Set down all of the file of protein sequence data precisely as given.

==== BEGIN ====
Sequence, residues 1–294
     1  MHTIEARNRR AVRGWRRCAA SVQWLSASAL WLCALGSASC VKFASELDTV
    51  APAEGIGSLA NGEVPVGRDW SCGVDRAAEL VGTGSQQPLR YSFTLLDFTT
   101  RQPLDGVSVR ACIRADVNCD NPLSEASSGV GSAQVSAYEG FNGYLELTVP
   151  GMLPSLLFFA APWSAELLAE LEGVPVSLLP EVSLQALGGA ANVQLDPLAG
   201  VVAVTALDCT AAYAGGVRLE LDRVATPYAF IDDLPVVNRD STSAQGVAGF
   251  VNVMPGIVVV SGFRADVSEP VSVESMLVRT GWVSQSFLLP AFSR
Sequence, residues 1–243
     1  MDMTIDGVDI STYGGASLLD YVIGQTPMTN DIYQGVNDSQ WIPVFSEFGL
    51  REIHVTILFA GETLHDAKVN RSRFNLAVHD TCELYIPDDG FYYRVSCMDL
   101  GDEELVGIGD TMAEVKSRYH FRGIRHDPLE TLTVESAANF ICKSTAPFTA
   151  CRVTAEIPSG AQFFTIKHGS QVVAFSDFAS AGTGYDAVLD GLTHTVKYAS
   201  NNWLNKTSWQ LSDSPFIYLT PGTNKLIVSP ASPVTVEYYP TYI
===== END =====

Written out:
Sequence, residues 1–294
     1  MHTIEARNRR AVRGWRRCAA SVQWLSASAL WLCALGSASC VKFASELDTV
    51  APAEGIGSLA NGEVPVGRDW SCGVDRAAEL VGTGSQQPLR YSFTLLDFTT
   101  RQPLDGVSVR ACIRADVNCD NPLSEASSGV GSAQVSAYEG FNGYLELTVP
   151  GMLPSLLFFA APWSAELLAE LEGVPVSLLP EVSLQALGGA ANVQLDPLAG
   201  VVAVTALDCT AAYAGGVRLE LDRVATPYAF IDDLPVVNRD STSAQGVAGF
   251  VNVMPGIVVV SGFRADVSEP VSVESMLVRT GWVSQSFLLP AFSR
Sequence, residues 1–243
     1  MDMTIDGVDI STYGGASLLD YVIGQTPMTN DIYQGVNDSQ WIPVFSEFGL
    51  REIHVTILFA GETLHDAKVN RSRFNLAVHD TCELYIPDDG FYYRVSCMDL
   101  GDEELVGIGD TMAEVKSRYH FRGIRHDPLE TLTVESAANF ICKSTAPFTA
   151  CRVTAEIPSG AQFFTIKHGS QVVAFSDFAS AGTGYDAVLD GLTHTVKYAS
   201  NNWLNKTSWQ LSDSPFIYLT PGTNKLIVSP ASPVTVEYYP TYI